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09/07/09 8:45 PM ET

Stewart's homer helps Rox keep pace

Two-run seventh inning sets up dramatic finish

DENVER -- The Rockies pulled a win out of their sleeveless jerseys Monday, coming from behind with a seventh-inning rally to tie the game and a leadoff homer from Ian Stewart in the eighth inning for the game-winner to beat the Reds, 4-3.

The win maintained their two-game lead in the National League Wild Card race without losing ground in the NL West race, where they trail the Dodgers by 3 1/2 games.

Stewart's game-winning homer was set up by a seventh-inning rally sparked by pinch-hitter Eric Young Jr., who beat out a grounder to second for an infield single. Carlos Gonzalez drew a walk, and Seth Smith sacrificed the runners to second and third. Todd Helton lifted a shallow fly to left, and the speedy Young tagged and scored in a close play at the plate. Troy Tulowitzki came up big with a single to right to tie the game, but he strained his back on the hit and was removed from the game. He is considered day-to-day.

"It shows the kind of character we have on this team," Smith said of the come-from-behind win. "We never feel like we're down, no matter how many runs we're down. We always feel like as long as there's an out left in the game, we have a chance to win the game. A bloop and a blast, or just having a big inning, or anything like that. Until the game's over, we're in the game, whether we're losing by one or five."

Runs were hard to come by with a pair of flame-throwers hurling peas in the upper 90s throughout the first six innings. Colorado got on the scoreboard first with a short-lived rally in the third inning, when starting pitcher Ubaldo Jimenez singled to the pitcher and Gonzalez singled to second. Helton drove a two-out knock to left, scoring Jimenez, but Gonzalez was easily thrown out on a relay from right-fielder Darnell McDonald to Phillips to Corky Miller behind the plate.

The play cost Jimenez his fastball in the following inning, as he felt a minor pull in his left hamstring when he scored, making it difficult for him to land with the full force of his fastball delivery and forcing him to throw more breaking balls than normal.

"I'm not going to get any more hits," Jimenez joked.

The Reds seized momentum after the inning-ending play at the plate, getting to Jimenez for three runs to take the lead in the top of the fourth. Scott Rolen plated Janish with a single to right, and Jonny Gomes gave the Reds the lead with a two-run homer into the left-field seats off Jimenez's splitter.

"They knew I was throwing a lot of breaking balls after I scored," Jimenez said. "So [Gomes] probably was ready for it. Because of my leg, I couldn't use my fastball too much, and I threw a lot of breaking balls."

Jimenez gutted it out for two more innings, bringing the fastball back into his mix and keeping hitters off balance, giving up a leadoff single in the fifth and a pair of walks to open the sixth, but retiring everyone else he faced.

"The last two innings I just let it go, even if it hurt, because they were looking for the breaking ball," Jimenez said.

The right-hander is not concerned about the hamstring, and doesn't expect to miss a start.

Manager Jim Tracy pulled Jimenez for pinch-hitter Garrett Atkins in the bottom of the sixth, but with runners on second and third and two outs, a ball got away from Miller and Brad Hawpe broke for home, only to get tagged out when Miller threw to reliever Nick Masset.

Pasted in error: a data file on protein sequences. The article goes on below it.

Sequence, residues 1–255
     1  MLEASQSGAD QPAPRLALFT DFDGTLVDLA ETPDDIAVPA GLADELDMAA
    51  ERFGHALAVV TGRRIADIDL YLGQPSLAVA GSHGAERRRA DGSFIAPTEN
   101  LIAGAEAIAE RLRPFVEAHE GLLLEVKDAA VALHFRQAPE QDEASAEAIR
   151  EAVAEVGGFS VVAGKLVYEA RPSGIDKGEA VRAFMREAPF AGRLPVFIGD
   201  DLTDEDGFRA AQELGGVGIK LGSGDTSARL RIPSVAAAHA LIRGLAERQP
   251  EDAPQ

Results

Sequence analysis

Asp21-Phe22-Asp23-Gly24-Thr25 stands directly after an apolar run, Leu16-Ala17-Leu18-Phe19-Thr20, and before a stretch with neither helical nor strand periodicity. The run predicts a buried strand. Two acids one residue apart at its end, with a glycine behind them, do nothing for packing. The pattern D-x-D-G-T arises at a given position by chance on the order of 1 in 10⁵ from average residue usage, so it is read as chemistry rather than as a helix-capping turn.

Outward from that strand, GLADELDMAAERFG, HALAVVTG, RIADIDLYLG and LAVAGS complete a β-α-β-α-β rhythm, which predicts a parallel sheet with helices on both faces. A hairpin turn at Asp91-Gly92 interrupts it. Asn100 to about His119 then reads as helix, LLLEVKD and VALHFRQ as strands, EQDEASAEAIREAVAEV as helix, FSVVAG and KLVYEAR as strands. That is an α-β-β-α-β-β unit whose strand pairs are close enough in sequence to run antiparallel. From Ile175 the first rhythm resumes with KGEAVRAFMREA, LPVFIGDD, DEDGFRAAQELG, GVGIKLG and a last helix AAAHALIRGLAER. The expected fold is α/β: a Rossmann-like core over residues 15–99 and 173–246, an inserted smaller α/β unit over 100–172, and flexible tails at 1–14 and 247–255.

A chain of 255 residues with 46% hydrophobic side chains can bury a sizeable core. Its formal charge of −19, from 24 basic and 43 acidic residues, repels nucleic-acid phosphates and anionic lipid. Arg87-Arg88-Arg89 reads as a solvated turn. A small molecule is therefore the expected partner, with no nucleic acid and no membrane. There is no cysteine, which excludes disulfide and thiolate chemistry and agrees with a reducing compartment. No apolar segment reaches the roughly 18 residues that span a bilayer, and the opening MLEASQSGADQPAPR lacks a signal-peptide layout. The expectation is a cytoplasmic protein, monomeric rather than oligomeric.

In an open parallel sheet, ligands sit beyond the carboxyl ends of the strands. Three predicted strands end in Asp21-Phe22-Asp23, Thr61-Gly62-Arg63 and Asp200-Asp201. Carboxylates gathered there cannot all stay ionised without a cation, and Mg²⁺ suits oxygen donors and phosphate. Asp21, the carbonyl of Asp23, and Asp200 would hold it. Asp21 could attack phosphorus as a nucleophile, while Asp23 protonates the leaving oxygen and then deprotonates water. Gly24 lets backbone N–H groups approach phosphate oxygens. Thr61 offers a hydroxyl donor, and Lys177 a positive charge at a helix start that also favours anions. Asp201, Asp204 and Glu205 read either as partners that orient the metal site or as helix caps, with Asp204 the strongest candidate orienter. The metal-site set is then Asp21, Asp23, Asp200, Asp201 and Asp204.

The Rockies got two perfect innings from Matt Daley and Rafael Betancourt, and a dramatic ninth inning from Franklin Morales, who earned his fourth save in four opportunities since taking over for the injured Huston Street.

The Reds rallied against Morales, getting a pair of leadoff hits from Phillips and Rolen, but Morales induced a shallow fly to left for the first out. Then catcher Chris Iannetta threw out Rolen on a double-steal attempt on a 1-2 count with McDonald at the plate, bouncing the throw to Clint Barmes, who made the pick and the tag. Morales struck out McDonald on the next pitch for the save.

"We can talk about the hitting and the pitching and all that stuff all we want," manager Jim Tracy said. "The play our second baseman made when we threw behind the runner in the ninth inning, it's the play of the day. It's that simple. We did some things, obviously, the big home run by Stewart to put us ahead, the big hit by Tulowitzki to tie the game, but that play is the game right there."

In addition to Barmes' execution in completing the play, credit goes to Tracy, who gathered his battery and all his infielders to make a plan.

"I don't want to sit in my dugout and be surprised; I want to be prepared," Tracy said. "The plan was we were going to throw the ball behind the runner, because you've got a right-handed hitter that may pull the ball, the length of the lead from Phillips was such to where I don't know how good our chances would have been at throwing him out at third, and if you get a swing from the hitter and Stewart goes to cover third base, he rolls a ball through the left side because we vacate the area. If Scotty Rolen had stayed, we're still into the count with McDonald, and the opportunity is there for him to pitch and get the ball on the ground and get a double play and end the game. The risk that you take is if he steals third and Rolen stays, he hits a sacrifice fly. We're the home team. We've got another whack at it."

Owen Perkins is a contributor to MLB.com. This story was not subject to the approval of Major League Baseball or its clubs.